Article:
Deprecated: The each() function is deprecated. This message will be suppressed on further calls in /home/hairsite/public_html/hair-loss/functions.php on line 155
Hair Loss Forum -

March 2017 - Trending Topics in our new forum

 Stem cell hair restoration results - Dr. Cole vs Histogen vs RepliCel.
 Dr. Paul Kemp, CEO of HairClone answers questions about follicle banking.
 RepliCel year 2017 forecast for RCH-01 cell based hair regeneration.
 Dr. Cole to start stem cell hair restoration trial in the US.
 Dr. Umar's 6500 grafts life saving repair procedure for transplant victim.
 FUE donor harvesting, what you must know when choosing a clinic.
 Dr. Koray Erdogan raises the standard in FUE artistry skills.
 Dr. Arvind on how to formulate your own toxic free shampoo.
 Conference & FREE hair restoration consultations; cities worldwide.

This is a READ ONLY forum.
Access our brand new platform at HairSite New Forum to continue the discussion on these topics that you are interested in. All contents and discussions have been transferred to our new forum at
  HairSite New Forum

Log in | User | Register

News on Follica (Hair Multiplication & Stem Cells Treatment)

posted by cal, 15.05.2016, 06:09
(edited by cal on 15.05.2016, 06:34)

Most likely it can have two effects, one de novo growth on hairless skin, and another effect of reviving miniaturized follicles on scalp skin that had succumbed to non-scarring alopecia.

I see absolutely no reason why the de novo effect would not be occurring on skin with existing hairs. And given how difficult it has always been to revive androgen-damaged hairs in any serious way, I find the de novo idea much easier to believe.

I think it's safe to say that most of the effect it has on people who dermabrade their scalps is in reviving miniaturized follicles.


It might very well be true. But there is no more reason to assume it than to assume the de novo effect isn't there.

Follica found it pretty easy to use skin wounding to provoke "proto follicle structures" and they didn't say the existing condition/history of the skin had any bearing on it.

And let me throw in something else here: The Gefitnib patient who grew a patch of new hair on his long-balded head, got new hair without visble graying. The rest of his existing hair was decidedly salt-n-pepper looking. It doesn't necessarily prove anything but it's interesting IMO.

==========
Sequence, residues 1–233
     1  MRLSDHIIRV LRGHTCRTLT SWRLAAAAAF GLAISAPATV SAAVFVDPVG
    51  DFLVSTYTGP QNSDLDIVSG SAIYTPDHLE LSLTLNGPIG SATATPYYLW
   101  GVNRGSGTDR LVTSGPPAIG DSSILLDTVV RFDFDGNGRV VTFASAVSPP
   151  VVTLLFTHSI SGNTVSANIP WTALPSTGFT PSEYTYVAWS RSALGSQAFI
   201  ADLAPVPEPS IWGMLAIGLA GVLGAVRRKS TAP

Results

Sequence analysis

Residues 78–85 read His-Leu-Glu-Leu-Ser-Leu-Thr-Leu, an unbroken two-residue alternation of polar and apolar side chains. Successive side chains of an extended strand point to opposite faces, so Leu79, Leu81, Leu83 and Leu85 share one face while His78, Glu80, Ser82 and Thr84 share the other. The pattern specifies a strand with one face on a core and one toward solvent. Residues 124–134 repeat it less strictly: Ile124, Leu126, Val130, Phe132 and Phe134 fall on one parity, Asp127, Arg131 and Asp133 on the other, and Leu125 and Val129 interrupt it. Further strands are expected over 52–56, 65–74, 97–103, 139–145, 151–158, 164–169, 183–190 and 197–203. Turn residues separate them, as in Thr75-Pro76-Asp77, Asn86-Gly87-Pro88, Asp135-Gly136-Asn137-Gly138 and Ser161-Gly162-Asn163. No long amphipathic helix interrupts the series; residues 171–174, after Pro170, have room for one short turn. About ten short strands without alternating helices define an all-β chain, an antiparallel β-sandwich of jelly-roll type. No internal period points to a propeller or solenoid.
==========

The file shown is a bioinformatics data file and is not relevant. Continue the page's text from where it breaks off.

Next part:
The question is, are people going to agree to have regular dermabrasion just to get the very marginal benefit of reviving a few hairs?

I am not now, and never have been, arguing that dermabrasion alone is a viable MPB treatment. The principle appears to work but the cost/benefit ratio isn't even in the ballpark.

The combination of wounding + pharamceutical assistance could be a game-changer. That has always been my primary argument. One of the most respected hair researchers in the industry has spent the last decade getting investor money & making discoveries on the same original premise.

I do complain that we've seen a lot of HM trials involving wounding ("skin perturbation" or "scalp stimulation" etc) and they brush that off as if it has no relevance to their successes. I think that's deceptive and I think they know it.

If dermabrading is found to work much better in conjunction with some as yet unknown "magic" chemical, then to keep up the effect, you'd still have to get regular dermabrasion. Any effects of dermabrasion would be self-limited and transient.

Your conjecture says this is the case. Many years of anecdotal evidence suggests that it's not.

And that's not even considering the long-term deleterious effect it would have on the tissues. Just because something can grow hair in the short term, doesn't mean it also can't be harming the follicles in the long term.

On this I agree. Superficial wounding is not the ideal way to provoke regrowth. I only support it because it has a far better track record than anything else.

Lots of respected MPB treatments slow down the MPB process or reverse it very slightly for a few years. Skin wounding can produce fully thick pre-MPB-looking hairs. The hairs can last for years without even androgen-blocking maintenance. If we could harness the wounding effect in a usable way, it would be far more practical & effective than any other MPB treatment we have even attempted to do, let alone succeeded at doing.

cal is located in [NA] and he is available to meet: NO

Complete thread:

120100 Postings in 12546 Threads, 6041 registered users
Hair Loss Forum | Admin contact

This is a READ ONLY forum.
Access our brand new platform at HairSite New Forum to continue the discussion on these topics. All contents and discussions have been transferred to
HairSite New Forum

Disclosure: This is an advertising site for our paid sponsors & advertisers. The contents, videos & photos on HairSite are provided by paid sponsors and are not endorsed by HairSite in any way. The recommendations, results, and representations made by our sponsors/advertisers do not reflect the opinions of HairSite. This site is to showcase successful hair restoration results only. It is not the mandate of this site to engage in the discussion of failed, unsuccessful procedures, lawsuits, litigations or complaint cases; comments of such nature, including external links, may be removed from the forum. Notify any false, defamatory, misleading or inappropriate user generated contents for immediate removal from the forum. Also read Terms of Use & Privacy Statement |  HairSite advertisers: ASMED | Dr. Bhatti | Dr. Bisanga | Dr. Cole | Dr. Hakan Doganay | Dr.Epstein | Dr. Jones | Dr. Halder | Hasson & Wong | Dr. Klein | Dr. Madhu | Dr. Mwamba | Dr. Donald Ng| Dr. Poswal | Dr. Rahal | Dr. Razack | Dr. Reddy | Dr. Umar | Dr. Woods | DHI Global | HDC Clinic | |Lasercomb | Reviva Clinic | Ziering Medical|